If the tubes have been severely damaged and have formed a hydrosalpinx (in which the fimbriae stick to one another and the tube is closed off) the surgery required is called neosalpingostomy, in which the surgeon opens the hydrosalpinx and creates a new opening for the repaired tube. While this is technically easy, success rates are very poor (about 20%) because the physiologic functioning of the fimbriae rarely returns to normal.
If the damage is less severe (fimbrial agglutination, in which the fimbriae are stuck to one another; or phimosis, in which the tube is narrowed, but open), then surgical repair is more successful, with pregnancy rates being about 50%.
The risk of having an ectopic (tubal) pregnancy is increased following tubal surgery. Fallopian tubes which have been operated on may have a damaged inner lining, and this can impair the movement of the embryo down the tube. This is why, in patients who have had tubal surgery, the diagnosis of a pregnancy should be made as soon as possible (preferably within a few days of missing a menstrual period), to rule out the possibility of an ectopic pregnancy.
The best chance of success is with the first surgical operation; therefore, you need to go to a specialized centre. The chances of success will depend upon the extent of tubal damage and also on the skill of the surgeon. The best chance of achieving a pregnancy is in the surgeon. The best chance of achieving a pregnancy is in the first few months after surgery, and most women who are going to get pregnant after tubal surgery will conceive within this time. Some doctors believe that using ovulation induction and / or intrauterine insemination after tubal surgery helps to maximize the chances of a pregnancy.
If the patient has not conceived within one year after the surgery, then follow-up testing in the form of an HSG and / or laparoscopy is advisable, to determine whether the fallopian tubes are still open.
If the first surgery has been unsuccessful, the chance of success as a result of reoperation is very low, and IVF is the only treatment choice for such patients.
In the future, it is possible that tubal transplants may become a reality and that scientists may also develop artificial synthetic tubes to replace damaged ones.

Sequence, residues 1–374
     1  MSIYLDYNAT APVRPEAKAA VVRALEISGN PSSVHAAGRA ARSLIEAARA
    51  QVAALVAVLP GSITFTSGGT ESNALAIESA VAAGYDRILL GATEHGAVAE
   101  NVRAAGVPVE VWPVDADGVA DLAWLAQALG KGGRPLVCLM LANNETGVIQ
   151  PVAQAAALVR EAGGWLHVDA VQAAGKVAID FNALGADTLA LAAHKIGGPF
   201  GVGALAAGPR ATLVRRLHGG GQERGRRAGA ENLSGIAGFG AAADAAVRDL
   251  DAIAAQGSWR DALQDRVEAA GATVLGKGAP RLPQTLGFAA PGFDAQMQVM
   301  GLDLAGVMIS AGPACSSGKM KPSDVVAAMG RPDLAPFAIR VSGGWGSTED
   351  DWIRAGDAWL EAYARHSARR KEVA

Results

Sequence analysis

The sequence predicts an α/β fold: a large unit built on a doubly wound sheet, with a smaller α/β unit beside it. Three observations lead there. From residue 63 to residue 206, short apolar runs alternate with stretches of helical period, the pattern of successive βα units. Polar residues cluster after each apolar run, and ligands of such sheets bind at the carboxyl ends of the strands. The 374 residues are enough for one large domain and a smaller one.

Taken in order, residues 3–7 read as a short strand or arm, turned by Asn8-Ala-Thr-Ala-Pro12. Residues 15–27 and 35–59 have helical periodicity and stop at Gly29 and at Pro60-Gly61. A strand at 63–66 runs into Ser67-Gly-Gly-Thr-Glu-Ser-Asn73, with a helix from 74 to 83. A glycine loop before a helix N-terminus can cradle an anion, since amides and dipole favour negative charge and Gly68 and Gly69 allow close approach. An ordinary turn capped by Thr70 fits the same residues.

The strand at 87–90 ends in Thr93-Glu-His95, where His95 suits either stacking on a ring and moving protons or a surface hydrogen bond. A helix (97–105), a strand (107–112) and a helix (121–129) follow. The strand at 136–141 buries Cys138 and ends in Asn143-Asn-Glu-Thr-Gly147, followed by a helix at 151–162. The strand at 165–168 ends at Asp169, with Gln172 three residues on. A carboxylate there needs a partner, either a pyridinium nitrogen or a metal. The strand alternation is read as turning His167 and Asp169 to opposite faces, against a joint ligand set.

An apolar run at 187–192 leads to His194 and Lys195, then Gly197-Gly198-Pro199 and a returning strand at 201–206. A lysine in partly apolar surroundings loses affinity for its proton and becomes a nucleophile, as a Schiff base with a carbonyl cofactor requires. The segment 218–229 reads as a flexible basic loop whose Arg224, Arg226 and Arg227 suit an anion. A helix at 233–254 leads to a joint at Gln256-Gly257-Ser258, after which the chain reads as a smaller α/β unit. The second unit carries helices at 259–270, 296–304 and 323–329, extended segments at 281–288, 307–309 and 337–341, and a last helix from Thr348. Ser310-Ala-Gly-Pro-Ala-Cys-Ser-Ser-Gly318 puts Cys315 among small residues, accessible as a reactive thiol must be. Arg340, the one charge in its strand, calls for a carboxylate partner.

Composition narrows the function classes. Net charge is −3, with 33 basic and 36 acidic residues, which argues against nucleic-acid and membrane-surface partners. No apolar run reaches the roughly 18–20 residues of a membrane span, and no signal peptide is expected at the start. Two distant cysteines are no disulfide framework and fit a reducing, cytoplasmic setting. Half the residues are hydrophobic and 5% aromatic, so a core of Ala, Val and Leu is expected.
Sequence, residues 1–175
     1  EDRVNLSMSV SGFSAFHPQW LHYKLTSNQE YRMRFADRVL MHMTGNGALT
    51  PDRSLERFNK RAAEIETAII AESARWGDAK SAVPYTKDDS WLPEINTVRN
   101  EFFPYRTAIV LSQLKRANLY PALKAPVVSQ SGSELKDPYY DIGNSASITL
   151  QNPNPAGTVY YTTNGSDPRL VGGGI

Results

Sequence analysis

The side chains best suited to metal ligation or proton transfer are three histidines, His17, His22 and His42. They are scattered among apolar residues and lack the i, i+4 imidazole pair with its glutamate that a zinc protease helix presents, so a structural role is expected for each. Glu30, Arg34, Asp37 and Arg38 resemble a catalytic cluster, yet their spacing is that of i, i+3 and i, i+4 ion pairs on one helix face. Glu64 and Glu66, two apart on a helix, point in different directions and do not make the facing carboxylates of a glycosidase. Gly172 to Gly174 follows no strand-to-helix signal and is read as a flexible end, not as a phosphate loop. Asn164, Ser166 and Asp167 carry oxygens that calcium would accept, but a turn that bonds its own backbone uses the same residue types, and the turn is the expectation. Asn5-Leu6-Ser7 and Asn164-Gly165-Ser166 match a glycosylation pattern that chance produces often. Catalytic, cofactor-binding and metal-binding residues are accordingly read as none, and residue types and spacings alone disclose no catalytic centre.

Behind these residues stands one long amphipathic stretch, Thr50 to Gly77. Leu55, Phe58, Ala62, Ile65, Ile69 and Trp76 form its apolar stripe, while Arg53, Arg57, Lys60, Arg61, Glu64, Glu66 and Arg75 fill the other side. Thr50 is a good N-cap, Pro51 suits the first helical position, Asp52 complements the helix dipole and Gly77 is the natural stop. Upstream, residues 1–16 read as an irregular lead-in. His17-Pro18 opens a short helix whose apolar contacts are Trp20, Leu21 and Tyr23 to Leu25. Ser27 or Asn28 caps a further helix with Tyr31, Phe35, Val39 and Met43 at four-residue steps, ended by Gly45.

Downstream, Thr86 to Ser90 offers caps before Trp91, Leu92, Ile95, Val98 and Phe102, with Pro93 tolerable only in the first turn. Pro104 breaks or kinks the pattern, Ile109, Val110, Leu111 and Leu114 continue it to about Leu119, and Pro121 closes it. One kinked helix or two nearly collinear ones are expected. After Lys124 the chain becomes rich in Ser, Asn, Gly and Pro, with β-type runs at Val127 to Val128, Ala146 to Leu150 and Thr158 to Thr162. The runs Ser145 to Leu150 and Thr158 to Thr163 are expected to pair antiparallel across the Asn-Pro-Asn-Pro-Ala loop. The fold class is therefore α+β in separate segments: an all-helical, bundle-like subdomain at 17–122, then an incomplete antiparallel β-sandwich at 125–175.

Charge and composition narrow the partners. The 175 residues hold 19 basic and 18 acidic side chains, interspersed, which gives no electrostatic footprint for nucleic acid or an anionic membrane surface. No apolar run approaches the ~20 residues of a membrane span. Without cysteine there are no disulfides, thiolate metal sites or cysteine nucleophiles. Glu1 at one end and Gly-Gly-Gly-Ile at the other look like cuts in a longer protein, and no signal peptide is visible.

With operative laparoscopy, it is now possible to open damaged tubes through the laparoscope, thus saving the patient major surgery. A hydrosalpinx can be repaired by opening it with a laser or cautery and then keeping it open with sutures: and even the complicated operation of tubal reanastomosis has been performed by experienced surgeons through the laparoscope (using sutures or special adhesive glue). However, the results with this surgery are often poor, because these damaged tubes often do not function properly even after the surgery.
Fig 4. Schematic showing damaged fallopian tubes because of pelvic inflammatory disease ( PID). The left tube has formed a hydrosalpinx; and the right is engulfed in peritubal adhesions.
Fig 5. Operative laparoscopy, during which an adhesion is being divided (adhesiolysis)
In women, sterilization for family planning is usually done through an operation called tubal ligation, which is usually carried out through the laparoscope. The aim of the operation is to block the tubes and prevent the sperm and egg from meeting each other.
The vast majority of people are very happy with sterilization. Nevertheless, there are a few women who are very distressed afterwards and would do almost anything to get things undone. The commonest reason why such women regret sterilization is because their child dies or because they have remarried and wish to bear their new husband's child.
If there is a reasonable amount of tube remaining, even if only on one side, then it may be possible to perform tubal microsurgery to rejoin the tubes. On the whole, the more tube which has been left undamaged, the better the chances of success. Thus, patients who have had a tubal ligation done through the laparoscope, using Falope rings (silastic bands) or clips, have an excellent chance of achieving a pregnancy after microsurgical reversal of the ligation, because these methods cause minimal tubal damage.
After reviewing the operative notes, a laparoscopy may be advised, so that the exact state of the fallopian tubes can be assessed. If the patient has enough normal tube, tubal microsurgery may be attempted and pregnancy rates can be as high as 75% in favorable cases. Some skilled surgeons can even perform this type of tubal reanastomosis through the laparoscope (using sutures or special adhesive glue). If, unfortunately, the patient has had both tubes completely removed or if the tubes are very badly damaged, then the only chance of success will be with IVF.
Most patients who will conceive after tubal reanastomosis will do so within 1 year. If they do not, then the next step for them would be IVF.